Florida's childhood obesity problem is the 13th worst nationwide


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There's an obesity problem among children in Florida – in fact, 16.9 percent of Sunshine State youngsters between age 10 and 17 are considered obese, according to a survey released Wednesday.

Nationally, children in the same age group reported a 15.8 percent rate of obesity. That means Florida has the nation's 13th highest rate of childhood obesity, the 2016 and 2017 National Survey of Children's Health found. The report, which analyzed national health data on children in all 50 states and the District of Columbia up to 17 years old, was released by the Robert Wood Johnson Foundation.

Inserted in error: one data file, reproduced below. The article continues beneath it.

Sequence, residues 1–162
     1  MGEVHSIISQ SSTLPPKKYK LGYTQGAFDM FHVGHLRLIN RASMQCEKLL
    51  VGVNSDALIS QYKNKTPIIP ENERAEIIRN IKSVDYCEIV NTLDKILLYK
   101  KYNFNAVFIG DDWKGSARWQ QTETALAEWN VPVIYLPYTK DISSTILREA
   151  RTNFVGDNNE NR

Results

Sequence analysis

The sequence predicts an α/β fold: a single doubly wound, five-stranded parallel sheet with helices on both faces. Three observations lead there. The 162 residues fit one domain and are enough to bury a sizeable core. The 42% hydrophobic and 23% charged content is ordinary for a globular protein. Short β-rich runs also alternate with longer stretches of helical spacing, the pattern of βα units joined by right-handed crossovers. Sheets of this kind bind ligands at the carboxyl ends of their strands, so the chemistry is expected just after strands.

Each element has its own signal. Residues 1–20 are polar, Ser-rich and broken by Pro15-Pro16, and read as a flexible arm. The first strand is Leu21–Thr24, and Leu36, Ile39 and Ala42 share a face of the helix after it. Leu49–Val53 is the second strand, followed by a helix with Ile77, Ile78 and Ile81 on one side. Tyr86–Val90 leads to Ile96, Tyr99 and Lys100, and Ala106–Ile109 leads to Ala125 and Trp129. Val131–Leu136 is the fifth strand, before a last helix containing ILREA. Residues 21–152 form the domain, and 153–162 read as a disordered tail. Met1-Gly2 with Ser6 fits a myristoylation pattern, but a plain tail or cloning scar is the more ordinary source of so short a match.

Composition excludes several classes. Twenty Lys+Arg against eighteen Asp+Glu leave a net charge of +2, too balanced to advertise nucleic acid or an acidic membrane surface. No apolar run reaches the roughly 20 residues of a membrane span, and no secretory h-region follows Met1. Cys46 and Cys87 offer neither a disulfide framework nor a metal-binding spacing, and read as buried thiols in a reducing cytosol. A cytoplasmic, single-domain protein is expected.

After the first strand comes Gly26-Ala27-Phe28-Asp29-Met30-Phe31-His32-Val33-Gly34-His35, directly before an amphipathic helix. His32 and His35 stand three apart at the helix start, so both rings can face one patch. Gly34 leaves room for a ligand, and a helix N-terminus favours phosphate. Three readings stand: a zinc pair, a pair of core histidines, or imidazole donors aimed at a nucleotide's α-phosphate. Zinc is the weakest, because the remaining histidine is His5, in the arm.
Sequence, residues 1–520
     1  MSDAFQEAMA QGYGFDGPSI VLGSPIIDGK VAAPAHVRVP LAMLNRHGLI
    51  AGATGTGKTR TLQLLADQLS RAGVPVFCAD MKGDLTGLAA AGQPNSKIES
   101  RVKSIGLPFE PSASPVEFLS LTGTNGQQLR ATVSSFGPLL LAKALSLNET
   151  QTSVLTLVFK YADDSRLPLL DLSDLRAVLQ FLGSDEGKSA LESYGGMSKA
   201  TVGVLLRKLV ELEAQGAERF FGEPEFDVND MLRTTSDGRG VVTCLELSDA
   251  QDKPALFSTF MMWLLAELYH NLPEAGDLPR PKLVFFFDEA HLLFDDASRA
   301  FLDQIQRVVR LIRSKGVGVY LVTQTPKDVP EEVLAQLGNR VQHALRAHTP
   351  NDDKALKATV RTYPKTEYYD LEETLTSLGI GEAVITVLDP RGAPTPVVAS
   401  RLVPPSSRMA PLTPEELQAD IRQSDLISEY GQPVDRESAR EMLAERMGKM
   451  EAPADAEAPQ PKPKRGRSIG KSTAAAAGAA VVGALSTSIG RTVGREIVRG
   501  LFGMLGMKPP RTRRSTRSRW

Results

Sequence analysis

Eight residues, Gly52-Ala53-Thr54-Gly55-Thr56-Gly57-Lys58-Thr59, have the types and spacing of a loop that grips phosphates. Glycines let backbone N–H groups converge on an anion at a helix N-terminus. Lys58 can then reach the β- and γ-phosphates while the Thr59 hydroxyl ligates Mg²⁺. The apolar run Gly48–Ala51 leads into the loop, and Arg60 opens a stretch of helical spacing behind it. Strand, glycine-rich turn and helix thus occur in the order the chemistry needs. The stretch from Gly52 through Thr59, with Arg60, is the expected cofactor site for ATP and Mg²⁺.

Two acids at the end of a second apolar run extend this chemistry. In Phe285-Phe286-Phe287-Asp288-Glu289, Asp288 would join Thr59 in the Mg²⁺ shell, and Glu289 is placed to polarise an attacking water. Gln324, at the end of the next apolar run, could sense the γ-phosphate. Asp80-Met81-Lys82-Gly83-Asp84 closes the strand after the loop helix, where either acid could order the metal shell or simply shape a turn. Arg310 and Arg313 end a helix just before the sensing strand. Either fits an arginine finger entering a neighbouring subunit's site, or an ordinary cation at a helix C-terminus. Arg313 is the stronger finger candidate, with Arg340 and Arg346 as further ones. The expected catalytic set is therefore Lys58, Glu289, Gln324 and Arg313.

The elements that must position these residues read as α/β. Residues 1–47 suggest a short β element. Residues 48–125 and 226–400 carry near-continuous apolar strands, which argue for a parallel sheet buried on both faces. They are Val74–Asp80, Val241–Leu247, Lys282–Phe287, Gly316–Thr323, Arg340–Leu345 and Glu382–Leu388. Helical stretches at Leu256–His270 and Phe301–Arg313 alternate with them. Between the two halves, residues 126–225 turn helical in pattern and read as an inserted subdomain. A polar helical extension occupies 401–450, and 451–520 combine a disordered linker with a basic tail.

Per the report, Mississippi was the only state that had a extremely high rate, with 26.1 percent, the researchers note.

Across the U.S., the percentage of children and teenagers dealing with obesity issues has more than tripled since the 1970s, the Centers for the Disease Control and Prevention found.

Beyond that, it's a global issue. Between 1990 and 2016, according to the World Health Organization, the number of obese infants and children as old as 5 years jumped from 32 to 41 million.

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